May 11, 2014 at 11:23 pm #1316726
@highsierraguyLocale: Northern California
So I am starting to do some research on getting a new pair of hiking boots/ shoes and would love to get some input from ya'll. I have always used the full size hikeing boot with water proofing. I am considering if I should stick with the traditional boot style, or go for something smaller and lighter.
A few things to consider..
– Most of my hiking occurs in the high sierras with more than half being off trail.
– I moved to AZ recently so am also starting to hike in the high desert and mountain terain of the area. Some of that includes slot canyons with the possibility of getting my feed repeatedly wet. I would like something with good support.
– I have always used the traditional full sized hiking boot.
– I have always had a problem with blisters, typically on the tips of my toes. For the most part this was recently solved with Injinji toed socks, but still occasionaly get blisters.
– I have wide feet.
I am currious what you would all reccomend for me? I know many like the use of trail runners, but not sure if those would be a good choice for the more rough, off trail terrian.
SO….what do ya'll think?May 11, 2014 at 11:34 pm #2101552
@arizona1979Locale: DESERT SOUTHWEST
For boots, the Vasque Breeze have done me well in Az & they come in wide & waterproof versions.
As far as, "I know many like the use of trail runners, but not sure if those would be a good choice for the more rough, off trail terrian."
Every one of my buddies in Az prefer trail runners to boots and have been in many more difficult areas than I have been.May 12, 2014 at 1:35 am #2101563
@dmusasheLocale: Pacific Northwest
I'm becoming a bit of a broken record in threads like these, but my advice is always the same.
Next time you go out on a short backpacking trip, simply wear the comfortable pair of running shoes you undoubtedly already own instead of wearing your traditional boots.
You get to spend $0, and in the process, learn what it's like to backpack with lighter, more breathable shoes.
I find the only way to that anyone makes the switch from traditional, heavy boots, to lightweight running shoes is to just try it out. Seeing is believing. Try it out in a low stakes situation and you will get to see what it's like first hand.
There is very little that is special about "trail runners" versus your run-of-the-mill running shoes. Just wear whatever is comfortable and let the rest of us BPL junkies with no time to go out ourselves debate endlessly about merits of one trail runner versus another. :)May 12, 2014 at 1:58 am #2101564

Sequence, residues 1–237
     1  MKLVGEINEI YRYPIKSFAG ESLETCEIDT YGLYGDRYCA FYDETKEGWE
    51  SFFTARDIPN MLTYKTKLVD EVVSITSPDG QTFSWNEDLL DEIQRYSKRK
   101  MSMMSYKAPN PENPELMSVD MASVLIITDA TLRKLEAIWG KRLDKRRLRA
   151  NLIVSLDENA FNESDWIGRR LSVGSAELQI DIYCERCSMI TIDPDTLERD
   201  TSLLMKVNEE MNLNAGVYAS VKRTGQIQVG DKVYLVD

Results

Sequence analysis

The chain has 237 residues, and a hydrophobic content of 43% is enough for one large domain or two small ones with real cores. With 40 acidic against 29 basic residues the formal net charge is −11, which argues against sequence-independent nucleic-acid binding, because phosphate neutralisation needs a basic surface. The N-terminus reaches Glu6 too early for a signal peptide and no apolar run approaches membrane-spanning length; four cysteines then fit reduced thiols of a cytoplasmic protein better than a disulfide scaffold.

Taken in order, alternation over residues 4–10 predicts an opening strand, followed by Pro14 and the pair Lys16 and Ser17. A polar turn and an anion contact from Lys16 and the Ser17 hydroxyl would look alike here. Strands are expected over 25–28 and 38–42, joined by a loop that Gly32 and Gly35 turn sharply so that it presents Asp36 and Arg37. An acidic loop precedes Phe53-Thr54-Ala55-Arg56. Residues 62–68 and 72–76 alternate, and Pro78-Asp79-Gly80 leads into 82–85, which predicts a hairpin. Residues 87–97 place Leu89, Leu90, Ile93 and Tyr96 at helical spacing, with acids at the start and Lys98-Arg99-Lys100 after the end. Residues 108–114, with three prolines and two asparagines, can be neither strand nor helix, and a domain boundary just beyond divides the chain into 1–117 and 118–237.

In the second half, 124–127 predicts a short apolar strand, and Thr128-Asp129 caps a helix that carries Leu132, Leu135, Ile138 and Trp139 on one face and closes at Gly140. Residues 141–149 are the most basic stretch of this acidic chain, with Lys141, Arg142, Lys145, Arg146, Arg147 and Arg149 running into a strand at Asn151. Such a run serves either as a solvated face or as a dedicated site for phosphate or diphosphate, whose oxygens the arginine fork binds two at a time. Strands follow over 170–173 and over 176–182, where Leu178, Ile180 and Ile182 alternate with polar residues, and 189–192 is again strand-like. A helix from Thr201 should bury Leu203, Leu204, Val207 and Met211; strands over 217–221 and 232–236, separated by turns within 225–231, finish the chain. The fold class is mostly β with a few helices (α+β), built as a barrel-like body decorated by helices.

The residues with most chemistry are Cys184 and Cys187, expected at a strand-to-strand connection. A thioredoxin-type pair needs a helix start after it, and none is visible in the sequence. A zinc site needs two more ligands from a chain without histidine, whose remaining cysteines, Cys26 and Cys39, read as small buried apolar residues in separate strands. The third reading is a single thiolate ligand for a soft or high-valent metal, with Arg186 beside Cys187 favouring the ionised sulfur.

@justin_bakerLocale: Santa Rosa, CA
If you do off trail stuff in the sierras on all those boulder fields, switching to running shoes could be tough on your feet. Take it slow and don't push yourself. You can do anything once you have conditioned yourself. Find running shoes with plenty of cushioning.May 12, 2014 at 2:15 am #2101565
@moxtrLocale: The piney woods
I always found running shoes too soft, I have "walking' shoes' (new Balance) with lasts like running shoes that are much firmer and work well on trails.May 12, 2014 at 5:26 am #2101575
@highsierraguyLocale: Northern California
So is there anything out there that is a cross between a traditional boot and trail runners?
I actually dont have running shoes….not much of a runner. I have knee problems and the reptitive pounding on my knee joints hurts too much to run. SO i dont have any experince in running shoes.May 12, 2014 at 6:16 am #2101583
@namtragLocale: Flatlands of Virginia
This looks like it might be a cross between boots and trail runners.
I have no experience with these type of hybrids, but they do exist, apparently!May 12, 2014 at 8:01 am #2101603
@hillhikerzLocale: Monterey Bay
Salomon XA Pro 3D Ultra CS WP Trail-Running Shoe… Has been my choice for the last ten years or so, on my 4th pair… I use these for most everything daily, I work outside… But on that note I use a mid ankle shoe when hiking above tree line on longer trips… Then Salomon makes shoes for me and everyone else also buys them, what I mean you need to find a shoe manufacturer that makes shoes for your foots last &/or shape… I also have stopped wearing cushioned socks I have been using just one pair of the thinnest wool socks I can find… No blisters, no hot spots, my foots pads are not sore after a long day, once again a happy hiker foot wise…May 12, 2014 at 10:01 am #2101631
I have had great luck with Trekstas. My feel are very wide and they work perfectly for me. They are light, have decent traction and there are several models. Not sure how the Treksta leather boot would hold up un your desert areas, but here in Oregon, on lava fields, they have worked just fine. YMMV. Hope this helps.
Treksta Nesfit system:
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